What happens in an i-beam is that the sheet between the studs make the load from above even out along the beam, instead of pushing straight downward. In the longitudinal direction, a stud is much stronger than across. So, the design of the i-beam, with the sheet between the studs, make it very much stronger than a single stud.
Benefits of light-beams of wood
The major benefit is revealed by the name – the weight! In relation to the strength, the weight is very low compared to other similar building components like concrete, steel, solid wood, glulam, or CLT. Another benefit is that the i-beam is very thin between the studs, which gives room for more isolation in walls and floors. Also, the propagation of sound is limited in the i-beams, and thanks to the gluing they are dimensionally stable compared to components of solid wood.
Long lengths in light packages
Another advantage with the i-beam is that it could be made in long lengths and could be used in longer spans than, e.g., solid wood. Each package with i-beams, holds 39 beams in lengths up to 13 meters. In special cases, 18-meter lengths are possible to handle. In the manufacturing process the studs are finger jointed and the sheets are glued around each other, which makes long lengths possible. Despite the long lengths, each beam is still light and easy to handle.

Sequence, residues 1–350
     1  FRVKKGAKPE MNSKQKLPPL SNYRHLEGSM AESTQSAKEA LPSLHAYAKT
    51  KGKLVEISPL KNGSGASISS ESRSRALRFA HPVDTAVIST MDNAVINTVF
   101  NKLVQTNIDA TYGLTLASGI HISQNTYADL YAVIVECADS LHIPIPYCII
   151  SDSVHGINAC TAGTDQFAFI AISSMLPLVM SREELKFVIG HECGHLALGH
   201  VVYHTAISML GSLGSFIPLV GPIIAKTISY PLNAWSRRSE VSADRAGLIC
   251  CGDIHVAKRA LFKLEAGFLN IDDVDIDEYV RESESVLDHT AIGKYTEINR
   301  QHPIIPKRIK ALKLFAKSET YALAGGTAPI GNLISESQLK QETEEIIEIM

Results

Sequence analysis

How are i-beams used?
Masonite Beams manufacturers different types of i-beams for different parts of a building. Among other things they make i-beams for floors and roofs. These must have the highest possible strength, and the studs are therefore made of high-quality spruce wood. I-beams for walls, are made from lower wood quality studs. Together with a third strength level, Masonite Beams offer a complete building system where the i-beams are customized for each building project with the right lengths, cutting angles, and millings, all done at the factory, and ready for assembly on delivery.
The i-beams could be used in private houses as well as larger buildings such as factories, and apartment buildings.
Efficient material utilization
One important advantage for the i-beams, that Masonite Beams points out, is the low raw material consumption. On their homepage there is lots of information about environment, climate impact, and life cycle analyzes. As for an example, it´s mentioned that the raw material for the i-beams utilizes 80 % of the trees volume.